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  • Writer's picturePastor Mike

February 06 2024


Tuesday February 6

“By His Stripes We Are Healed”

 

Psalm 129:1-8  A Song of Ascents.

1 "Many a time they have afflicted me from my youth," Let Israel now say--

2 "Many a time they have afflicted me from my youth; Yet they have not prevailed against me.

3 The plowers plowed on my back; They made their furrows long."

4 The LORD is righteous; He has cut in pieces the cords of the wicked.

5 Let all those who hate Zion Be put to shame and turned back.

6 Let them be as the grass on the housetops, Which withers before it grows up,

7 With which the reaper does not fill his hand, Nor he who binds sheaves, his arms.

8 Neither let those who pass by them say, "The blessing of the LORD be upon you; We bless you in the name of the LORD!"

 

Psalm 129 is the tenth of the “Ascent Songs” or “Pilgrim Psalms”. The destruction of Jerusalem by the Babylonians was described by the prophets as "plowing" (vv. 3-4; Isa. 51:23; Mic. 3:12; Jer. 26:17-18), so this psalm was probably written after the exiles returned to the land. There they were surrounded by enemy people who hated them, so the theme was appropriate. The psalmist speaks for the nation and states that, no matter how severe the persecution, nothing can destroy the people of Israel. But God's church has also suffered severe persecution throughout the centuries, and faithful individual Christians face personal hostility. "Yes, and all who desire to live godly in Christ Jesus will suffer persecution" (2 Tim. 3:12). How should we respond to suffering?

 

First, we must accept the reality of suffering in this world (vv. 1-2). Persecution is not something "strange" in the life of either Israel or the church (1 Peter 4:12). When the Lord called Abraham, He revealed that some would bless the Jews and others curse them (Gen. 12:1-3). Isaac was persecuted by Ishmael (Gen. 21:8-21; Gal. 4:21-31), and the Jews were terribly oppressed in Egypt (Hos. 11:1). However, the more they were persecuted, the more they increased (Ex. 1:9-14), and there the family of Jacob was molded into the nation of Israel. Israel has suffered more than any nation in history, yet Israel has not been destroyed!

 

God has always taken care of His people. Egypt tried to drown the Jews (Ex. 1:15-22), but the Lord drowned Egypt's crack troops (Ex. 14:19-31). The Assyrians tried to starve them into surrender, but God wiped out the Assyrian army (Isa. 37-38). Nebuchadnezzar, ruler of Babylon, tried to burn them up, but the Lord delivered them (Dan. 3). Belshazzar blasphemed the God of Israel and defiled the holy vessels of the temple, but that very night, the Medes and Persians killed him. The Persian soothsayers tried to throw Daniel to the lions, but God rescued him, and the beasts killed the soothsayers instead (Dan. 6). Hitler killed over six million Jews in his gas chambers, but he was soundly defeated, and the nation of Israel was born a few years later. The church of Jesus Christ has experienced persecution, but it still stands and will stand until Jesus returns (Matt. 16:18). Every true believer can identify with Paul's testimony in 2 Corinthians 4:7-12.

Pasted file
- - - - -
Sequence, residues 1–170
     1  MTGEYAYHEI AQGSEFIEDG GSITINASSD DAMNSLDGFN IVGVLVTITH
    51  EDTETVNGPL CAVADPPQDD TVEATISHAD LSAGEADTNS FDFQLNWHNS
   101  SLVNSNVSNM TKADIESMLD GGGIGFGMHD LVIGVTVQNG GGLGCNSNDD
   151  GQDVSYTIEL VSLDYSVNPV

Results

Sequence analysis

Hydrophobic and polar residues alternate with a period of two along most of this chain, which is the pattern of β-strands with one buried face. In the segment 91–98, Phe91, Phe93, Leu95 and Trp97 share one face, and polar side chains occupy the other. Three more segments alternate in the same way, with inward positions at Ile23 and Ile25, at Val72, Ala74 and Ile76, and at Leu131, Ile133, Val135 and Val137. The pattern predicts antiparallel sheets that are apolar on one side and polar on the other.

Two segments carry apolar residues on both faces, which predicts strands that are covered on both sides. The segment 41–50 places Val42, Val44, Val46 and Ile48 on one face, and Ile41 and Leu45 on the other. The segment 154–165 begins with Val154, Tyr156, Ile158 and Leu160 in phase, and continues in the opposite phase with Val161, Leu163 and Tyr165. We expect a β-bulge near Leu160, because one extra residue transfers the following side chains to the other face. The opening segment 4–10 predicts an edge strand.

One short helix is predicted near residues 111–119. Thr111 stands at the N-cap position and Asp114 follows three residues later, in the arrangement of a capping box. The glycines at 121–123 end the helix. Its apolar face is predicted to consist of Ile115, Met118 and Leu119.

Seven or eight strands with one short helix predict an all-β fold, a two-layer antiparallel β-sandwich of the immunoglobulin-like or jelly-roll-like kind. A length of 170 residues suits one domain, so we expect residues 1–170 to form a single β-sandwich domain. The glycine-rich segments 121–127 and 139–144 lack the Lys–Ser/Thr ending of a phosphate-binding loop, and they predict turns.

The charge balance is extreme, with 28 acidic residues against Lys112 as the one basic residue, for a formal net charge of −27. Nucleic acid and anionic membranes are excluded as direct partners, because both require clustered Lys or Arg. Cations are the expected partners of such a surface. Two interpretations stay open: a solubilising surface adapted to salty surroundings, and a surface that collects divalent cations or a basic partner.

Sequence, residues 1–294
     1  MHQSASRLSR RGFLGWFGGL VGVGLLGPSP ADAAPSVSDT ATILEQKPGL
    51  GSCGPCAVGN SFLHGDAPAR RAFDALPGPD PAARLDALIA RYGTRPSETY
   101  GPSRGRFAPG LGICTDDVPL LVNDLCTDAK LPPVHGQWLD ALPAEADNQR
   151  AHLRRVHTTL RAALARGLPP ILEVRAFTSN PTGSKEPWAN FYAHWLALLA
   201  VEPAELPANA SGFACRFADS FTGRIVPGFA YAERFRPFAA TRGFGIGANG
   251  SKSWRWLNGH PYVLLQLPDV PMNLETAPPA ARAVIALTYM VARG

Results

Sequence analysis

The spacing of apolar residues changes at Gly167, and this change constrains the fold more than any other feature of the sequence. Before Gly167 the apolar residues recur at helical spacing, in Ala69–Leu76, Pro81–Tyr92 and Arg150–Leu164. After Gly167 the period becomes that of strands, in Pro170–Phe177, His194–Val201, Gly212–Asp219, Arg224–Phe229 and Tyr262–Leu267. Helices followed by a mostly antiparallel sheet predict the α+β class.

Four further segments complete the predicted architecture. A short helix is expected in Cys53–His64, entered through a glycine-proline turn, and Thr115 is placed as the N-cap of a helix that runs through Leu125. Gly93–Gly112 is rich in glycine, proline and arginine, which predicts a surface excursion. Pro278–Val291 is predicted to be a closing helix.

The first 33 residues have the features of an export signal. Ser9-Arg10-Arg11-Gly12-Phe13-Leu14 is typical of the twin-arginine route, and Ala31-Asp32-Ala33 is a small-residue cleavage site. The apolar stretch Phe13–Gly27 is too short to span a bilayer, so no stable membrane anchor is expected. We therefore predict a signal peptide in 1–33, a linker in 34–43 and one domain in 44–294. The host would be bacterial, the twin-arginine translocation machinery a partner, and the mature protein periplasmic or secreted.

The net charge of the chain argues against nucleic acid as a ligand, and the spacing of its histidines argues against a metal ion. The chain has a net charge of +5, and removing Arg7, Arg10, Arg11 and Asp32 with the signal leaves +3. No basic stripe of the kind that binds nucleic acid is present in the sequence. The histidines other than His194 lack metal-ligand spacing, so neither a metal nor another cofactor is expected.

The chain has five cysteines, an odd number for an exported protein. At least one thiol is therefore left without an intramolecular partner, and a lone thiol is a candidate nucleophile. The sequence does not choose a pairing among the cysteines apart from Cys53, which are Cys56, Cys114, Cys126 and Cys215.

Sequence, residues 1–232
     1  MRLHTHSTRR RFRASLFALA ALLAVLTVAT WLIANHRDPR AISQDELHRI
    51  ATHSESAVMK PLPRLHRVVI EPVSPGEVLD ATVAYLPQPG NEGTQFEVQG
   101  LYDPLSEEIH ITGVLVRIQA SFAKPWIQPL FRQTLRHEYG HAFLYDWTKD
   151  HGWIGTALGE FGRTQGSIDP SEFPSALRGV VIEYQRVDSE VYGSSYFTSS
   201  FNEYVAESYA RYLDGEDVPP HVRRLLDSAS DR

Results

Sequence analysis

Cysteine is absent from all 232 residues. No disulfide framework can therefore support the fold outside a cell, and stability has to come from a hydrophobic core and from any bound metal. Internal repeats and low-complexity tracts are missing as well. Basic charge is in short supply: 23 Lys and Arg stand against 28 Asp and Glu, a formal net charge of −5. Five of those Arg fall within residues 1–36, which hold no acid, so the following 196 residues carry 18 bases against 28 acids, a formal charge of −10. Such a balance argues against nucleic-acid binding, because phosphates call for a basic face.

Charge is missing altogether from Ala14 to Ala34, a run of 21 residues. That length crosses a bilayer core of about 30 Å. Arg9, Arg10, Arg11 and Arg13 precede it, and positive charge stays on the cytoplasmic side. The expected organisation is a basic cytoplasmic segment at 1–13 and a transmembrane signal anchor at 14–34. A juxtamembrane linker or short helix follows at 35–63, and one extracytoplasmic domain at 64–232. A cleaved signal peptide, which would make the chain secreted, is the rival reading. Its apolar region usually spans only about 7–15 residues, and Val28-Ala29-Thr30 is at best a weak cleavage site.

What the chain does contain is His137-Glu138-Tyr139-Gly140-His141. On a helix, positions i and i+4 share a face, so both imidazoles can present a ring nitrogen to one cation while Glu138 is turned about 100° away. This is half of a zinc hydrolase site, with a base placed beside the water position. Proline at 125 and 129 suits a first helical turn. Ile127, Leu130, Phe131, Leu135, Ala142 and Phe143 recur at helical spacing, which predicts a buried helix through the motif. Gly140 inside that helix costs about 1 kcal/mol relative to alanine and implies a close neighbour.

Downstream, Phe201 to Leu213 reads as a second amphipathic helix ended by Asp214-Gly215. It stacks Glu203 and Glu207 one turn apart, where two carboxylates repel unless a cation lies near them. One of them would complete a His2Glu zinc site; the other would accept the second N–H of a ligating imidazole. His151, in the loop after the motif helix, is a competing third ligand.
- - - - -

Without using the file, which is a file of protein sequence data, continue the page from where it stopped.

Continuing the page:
Secondly, we cannot avoid suffering, but we can benefit from it (vv. 3-4). As you read these verses, you can almost feel the sharp cutting edges of the plow. Their enemies treated Israel like dirt and walked on them! Some students see in the plowing image a picture of prisoners being whipped, leaving long deep gashes on their backs. If that is a part of the picture, then our Lord endured the same suffering. Isaiah 53:5 prophesied specifically about Christ suffering: “But He was wounded for our transgressions, He was bruised for our iniquities; The chastisement for our peace was upon Him, And by His stripes we are healed.”  The nation of Israel has been plowed long, deep, and often, but what a harvest of blessing it has brought to the world! The day came when God cut the cords that tied the oxen to the plow, and then Israel was free (see 124:7). The exiles returned to their homes wiser and better people because they had felt the pain of the plow. Instead of blaming God for their suffering, they confessed, "The Lord is righteous" (v. 4).

 

The plowing image is a good one for believers today, for it reminds us that there can be a glorious harvest, but it depends on the seeds that we plant. Of itself, suffering does not produce blessing. If we plant seeds of hatred and resentment, then suffering will produce bitterness. But if we plant faith, hope, love, and the precious promises of the Word, then the harvest will bless us and help others, and it will bring glory to God. (See 1 Peter 4:12-19.) God permits people to treat us like dirt, and we must accept it, but we have the privilege of transforming it by the grace of God into character that honors the Lord.

 

Finally, in verses 5-8, we learn from Israel to commit our suffering to the LORD. The psalmist prayed that those who hated Zion would perish quickly like the useless grass on the roof. But why would anybody want to hate the Jews? The most logical answer is that Satan hates Israel and has always been at war with her (see Rev. 12). Satan is also at war with the church (John 15:18-25; 17:14; 1 John 3:13). But God has always proven to preserve His people and when no one would say blessings upon Israel they could still say; "We bless you in the name of the Lord" (v. 8), because Israel has brought to the world the knowledge of the true and living God, the Scriptures, and the Savior. "Salvation is of the Jews" (John 4:22).

 

Remember it is our suffering that gives us the greatest opportunities to “manifest the life of Christ in our mortal flesh” (2 Corinthians 4:7-18).

 

God bless!

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